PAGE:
As is well known, Earth plays host to numerous meteors, some of which are big enough to reach the Earth’s surface as meteorites. What scares us, the human species as a whole, of course, are the ones large enough to cause significant damage—especially the ones that can cause mass extinctions.
Are the rates at which meteorites arrive at Earth cyclic? Can we predict when the next mass extinction (meaning almost certainly the end of the human race as we know it) will be upon us? It’s all in the statistics!
Of course, there’s no other way make predictions, other than to watch for patterns and extrapolate the timescales involved into the future. Based on past records, there are certain hypotheses about when and why some big rocks hurl towards the Earth—and the most interesting of them involves a phantom solar companion. Christened “Nemesis”, this hypothetical star is supposed to be lurking at the outer edges of the solar system, and like a classical villain hurling chunks of rock from the [Oort Cloud][linkoort] into the inner solar system. Essentially, he’s made out to be playing Duck Hunt, with Earth as the Duck, of course.
But all of this story (and other cyclical hypotheses) depends on a robust analysis of data, which involves robust statistical methods. Everything is a question of probability, of course—you can’t get absolute numbers in situations like these—and it’s no easy matter to set limits to what the error tolerances are. To understand how difficult the whole process is, consider the data in this case: cataloguing previous impact craters on Earth against how old they are. There are numerous craters, of course, but there are also erosion processes that make life difficult.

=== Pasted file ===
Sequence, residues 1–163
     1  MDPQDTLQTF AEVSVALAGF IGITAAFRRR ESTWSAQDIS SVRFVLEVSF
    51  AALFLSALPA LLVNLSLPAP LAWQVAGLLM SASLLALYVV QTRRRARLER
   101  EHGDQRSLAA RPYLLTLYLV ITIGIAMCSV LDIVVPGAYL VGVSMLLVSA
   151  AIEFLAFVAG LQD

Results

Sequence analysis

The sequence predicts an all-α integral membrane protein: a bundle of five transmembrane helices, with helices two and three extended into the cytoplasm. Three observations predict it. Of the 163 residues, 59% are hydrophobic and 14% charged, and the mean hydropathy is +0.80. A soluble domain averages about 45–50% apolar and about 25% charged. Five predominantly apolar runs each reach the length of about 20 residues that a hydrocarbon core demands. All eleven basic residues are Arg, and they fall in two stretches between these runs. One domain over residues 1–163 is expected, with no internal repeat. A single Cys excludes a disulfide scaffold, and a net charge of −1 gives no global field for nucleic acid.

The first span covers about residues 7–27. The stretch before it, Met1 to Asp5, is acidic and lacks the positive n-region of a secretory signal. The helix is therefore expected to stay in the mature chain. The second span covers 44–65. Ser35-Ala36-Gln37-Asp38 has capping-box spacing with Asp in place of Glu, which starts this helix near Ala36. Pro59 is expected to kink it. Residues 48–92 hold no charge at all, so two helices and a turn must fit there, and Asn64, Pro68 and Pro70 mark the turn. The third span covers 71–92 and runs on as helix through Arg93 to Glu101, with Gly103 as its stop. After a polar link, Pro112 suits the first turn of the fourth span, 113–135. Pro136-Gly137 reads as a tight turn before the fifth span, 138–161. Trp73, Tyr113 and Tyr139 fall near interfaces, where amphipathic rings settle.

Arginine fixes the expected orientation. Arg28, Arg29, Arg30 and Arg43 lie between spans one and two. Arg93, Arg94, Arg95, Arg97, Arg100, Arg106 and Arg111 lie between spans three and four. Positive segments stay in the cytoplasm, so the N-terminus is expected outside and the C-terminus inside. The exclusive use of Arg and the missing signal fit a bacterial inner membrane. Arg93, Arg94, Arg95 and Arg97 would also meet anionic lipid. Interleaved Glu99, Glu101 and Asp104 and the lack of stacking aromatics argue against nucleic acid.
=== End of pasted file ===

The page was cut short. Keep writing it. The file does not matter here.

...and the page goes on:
Well, according to this article by Ian O’Neill, there isn’t much statistical evidence after all for Mr. Nemesis. Researchers at the Max Plank Institute of Astronomy turned to Bayesian probabilities to look at the data, and concluded that there isn’t periodicity in the data as previously thought. Bayesian probabilities are a little more complex implementation of probability theory, where the question asked is: “What is the probability of event A, given that event B precedes it?” Event B, of course, has its own probability of occurring. (There are other complexities, of course, but that’s the simplest case.)
We’re not doomed by Nemesis after all! Apparently robust statistics has saved the day once again. :)
Or has it? The scientists did not find cyclical evidence that would point to Nemesis, but they think they’ve found evidence for an increasing rate of meteorites over the past 250 million years. And before you say “erosion!”–which would decrease the number of older craters—apparently the same trend is observed on the Moon, where there is, of course, no erosion going on.
So—we’re not out the woods yet! ;)
(In case you’re seriously wondering—no, there isn’t a serious chance that we’d be hit by a big one soon. There isn’t even a less serious chance. Doesn’t mean it’s impossible, though!)